Frankly I think Alberta would have been better served by someone different.  He’s a crony of the by-gone elitist Harper era on the federal scene and is polarizing on the controversial matters of same sex marriage and abortion.  While being taxed exorbitantly (47 per cent highest marginal rate with the new tax bracket), Albertans have little patience for their leader to be preaching social policy from a righteous pulpit.  Albertans want absolute action on fiscal responsibility so that tax rates can be lowered measurably.  While a minister in the federal government of Canada, I heard little from Mr. Kenney on the topic of measurably reducing core tax rates for Canadians.  It may have been a belief of his at the time but Mr. Harper liked to keep the media in the dark and his round table muted.  The old Harper administration tinkered with tax credits for families but did little to incite the capitalist spirit in our country for free enterprise.  I do admire Mr. Kenney’s passion and sincerity for his work but at a time when the current administration has lost control of our finances, the last thing Alberta needs is an ultra idealist being long winded on how he thinks we should run our lives. I hope I’m wrong and this man will find a way to shelve his dogma surrounding your bedroom and your doctor’s office and appeal to centrist thinking Albertans along with Wildrose supporters in a way that propels him to success in uniting the right.  As a reminder to you staunch Wildrose supporters, Danielle Smith sold out on you.  She crossed the floor – remember.  The movement is dead.  Get on board.  The alternative is socialism forever.

Pleasant Surprise From The Press

Evidence of lethargy in journalism was witnessed in the latest U.S. election campaign.  The Washington establishment was either ambivalent or oblivious to the plight of marginalized factory workers in the rust belt States.  Lest it be said that the sentiment surrounding these shut down towns may have deserved more journalistic attention.  Lately it seems a road rage incident will make front page news but a decade doubling of violence rates in Canadian prisons is muted due to some perceived notion that an editorialist may believe Canadians’ tolerance for the statistic to be acceptable.  What Donald Trump has espoused as bias in the media may more aptly be described as mere arrogance.

When the news should be reported at face value with a semblance of organized hierarchy in terms of relevance, I’m afraid that the media has lost its way in the context of a populous deemed impressionable by commercial interests and media promulgated opinion. I don’t know how many times I’ve responded responsibly via comment over at editorials published by a Postmedia only to see my comment nixed seemingly because my opinion differed from that of the author.  On the one hand they provide a commenting platform for readers and on the other they overtly breach their industry creed of “freedom of expression”.

However; yesterday while running an errand, I stumble upon a coin box filled with editions of the Epoch Times.  Pleasantly, I’ve garnered a favourable first impression and renewed hope that independent journalism is not yet down for the count.  Society does transform but not necessarily positively with adherence to a group which conveniently has access to your mind.

One Tough Woman

The “one tough woman” phrase gets me thinking.  Yes, it’s arisen in the context of one newbie politician attempting to walk back insults directed toward his adversary.  However; the basis of female toughness deserves scrutiny.  Call me old fashioned but I like a woman that’s not tougher than me.  I like chivalry in places and I like the interpersonal dynamic of a woman in my company who’s not fighting for equality at every turn.  Bonding is beautified in the context of protection.  The act of protecting is goodness in men’s nature and I’m suspicious of any particular woman’s compulsion to equate in the most ridiculous of situations.  I admire those women who are in fact mentally sharper than their husbands but have a skill in managing their prowess in the context of the relationship.  Genuine joy is predominant in softness as opposed to toughness.  Life requires toughness but couples require softness in order for chemistry to endure.  We are caring when our emotional posture moves like a free flowing pendulum in our daily lives ensuring that we mirror our environment existentially.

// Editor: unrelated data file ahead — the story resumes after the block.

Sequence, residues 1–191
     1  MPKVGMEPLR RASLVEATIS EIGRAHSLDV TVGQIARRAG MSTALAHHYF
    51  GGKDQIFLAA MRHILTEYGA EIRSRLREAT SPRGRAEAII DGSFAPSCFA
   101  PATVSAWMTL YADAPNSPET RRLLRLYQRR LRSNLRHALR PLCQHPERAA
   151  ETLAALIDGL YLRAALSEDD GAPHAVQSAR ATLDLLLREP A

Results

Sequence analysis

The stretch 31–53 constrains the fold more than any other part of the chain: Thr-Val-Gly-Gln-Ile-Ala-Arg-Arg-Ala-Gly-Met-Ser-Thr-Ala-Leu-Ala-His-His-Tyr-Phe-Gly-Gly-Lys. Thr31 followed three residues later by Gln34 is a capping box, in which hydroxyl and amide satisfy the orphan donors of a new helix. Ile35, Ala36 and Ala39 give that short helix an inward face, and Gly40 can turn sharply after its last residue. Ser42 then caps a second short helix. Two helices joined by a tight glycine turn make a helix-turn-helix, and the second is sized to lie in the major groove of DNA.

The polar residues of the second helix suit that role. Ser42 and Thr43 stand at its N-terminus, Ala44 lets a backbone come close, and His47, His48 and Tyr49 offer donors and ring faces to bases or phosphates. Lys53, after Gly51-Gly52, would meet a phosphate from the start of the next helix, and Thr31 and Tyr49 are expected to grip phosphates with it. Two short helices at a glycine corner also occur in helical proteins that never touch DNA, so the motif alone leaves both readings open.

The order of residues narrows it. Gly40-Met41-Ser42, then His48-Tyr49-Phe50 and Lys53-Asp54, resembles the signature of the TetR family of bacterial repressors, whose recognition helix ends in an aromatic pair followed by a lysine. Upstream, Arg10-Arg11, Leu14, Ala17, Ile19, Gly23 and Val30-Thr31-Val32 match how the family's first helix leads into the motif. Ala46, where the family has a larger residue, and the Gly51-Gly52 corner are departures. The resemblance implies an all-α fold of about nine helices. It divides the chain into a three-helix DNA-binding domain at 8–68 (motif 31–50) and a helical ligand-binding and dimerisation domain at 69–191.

Kindness Crisis

There is a kindness crisis according to a poll conducted by Sesame Street.  Seventy per cent of parents claim that the world is unkind to their kids. This adult senses it on the street – literally in traffic. I sense it in our political discourse and I sense it in the voidance of cordial gestures of etiquette. I sense it at the poker table and in the board room. I sense it in transit and telephony systems. I sense it in the body language of souls transfixed by their electronic “devices” and in the spoken language of those perhaps ill equipped to reach for an empathetic word when “f@ck” is at the tip of a tongue. It’s as if a new substandard came into being precipitated by a confluence of events imperceptible to the naked eye producing a cultural shift engineered by a generation naive to the values of their forefathers and the historic deeds undertaken to sew a landscape of autonomy.

Materialism as a precursor perhaps forms an element. The great divide between the haves and have-nots has never been greater. A tempestuous outreach in order to “acquire” may brew in the hearts of some looking to hurdle through patronage, political partisanship, and indifference. Perhaps, it’s a proclamation of entitlement to rudeness in the face of perceived injustice casting out emotional residue to a society dumbfounded.